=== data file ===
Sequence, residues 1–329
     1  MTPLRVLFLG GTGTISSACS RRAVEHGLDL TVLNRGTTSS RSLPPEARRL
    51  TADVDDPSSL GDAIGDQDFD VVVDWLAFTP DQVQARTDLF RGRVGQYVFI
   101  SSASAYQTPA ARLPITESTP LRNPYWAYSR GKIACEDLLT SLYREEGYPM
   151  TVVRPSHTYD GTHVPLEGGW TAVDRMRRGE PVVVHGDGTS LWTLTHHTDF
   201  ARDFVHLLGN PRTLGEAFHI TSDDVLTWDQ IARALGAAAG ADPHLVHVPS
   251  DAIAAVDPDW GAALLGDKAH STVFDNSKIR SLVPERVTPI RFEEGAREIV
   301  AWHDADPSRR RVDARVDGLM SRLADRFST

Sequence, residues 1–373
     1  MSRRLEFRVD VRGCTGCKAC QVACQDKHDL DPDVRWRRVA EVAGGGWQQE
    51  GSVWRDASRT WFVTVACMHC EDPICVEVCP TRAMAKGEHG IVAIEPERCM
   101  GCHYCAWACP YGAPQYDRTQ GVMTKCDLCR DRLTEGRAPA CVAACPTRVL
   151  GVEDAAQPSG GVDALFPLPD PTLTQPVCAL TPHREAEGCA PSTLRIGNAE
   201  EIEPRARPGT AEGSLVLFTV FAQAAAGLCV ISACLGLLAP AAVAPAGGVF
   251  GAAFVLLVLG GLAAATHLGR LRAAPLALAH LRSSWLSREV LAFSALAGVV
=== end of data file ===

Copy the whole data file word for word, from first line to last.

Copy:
Sequence, residues 1–329
     1  MTPLRVLFLG GTGTISSACS RRAVEHGLDL TVLNRGTTSS RSLPPEARRL
    51  TADVDDPSSL GDAIGDQDFD VVVDWLAFTP DQVQARTDLF RGRVGQYVFI
   101  SSASAYQTPA ARLPITESTP LRNPYWAYSR GKIACEDLLT SLYREEGYPM
   151  TVVRPSHTYD GTHVPLEGGW TAVDRMRRGE PVVVHGDGTS LWTLTHHTDF
   201  ARDFVHLLGN PRTLGEAFHI TSDDVLTWDQ IARALGAAAG ADPHLVHVPS
   251  DAIAAVDPDW GAALLGDKAH STVFDNSKIR SLVPERVTPI RFEEGAREIV
   301  AWHDADPSRR RVDARVDGLM SRLADRFST

Sequence, residues 1–373
     1  MSRRLEFRVD VRGCTGCKAC QVACQDKHDL DPDVRWRRVA EVAGGGWQQE
    51  GSVWRDASRT WFVTVACMHC EDPICVEVCP TRAMAKGEHG IVAIEPERCM
   101  GCHYCAWACP YGAPQYDRTQ GVMTKCDLCR DRLTEGRAPA CVAACPTRVL
   151  GVEDAAQPSG GVDALFPLPD PTLTQPVCAL TPHREAEGCA PSTLRIGNAE
   201  EIEPRARPGT AEGSLVLFTV FAQAAAGLCV ISACLGLLAP AAVAPAGGVF
   251  GAAFVLLVLG GLAAATHLGR LRAAPLALAH LRSSWLSREV LAFSALAGVV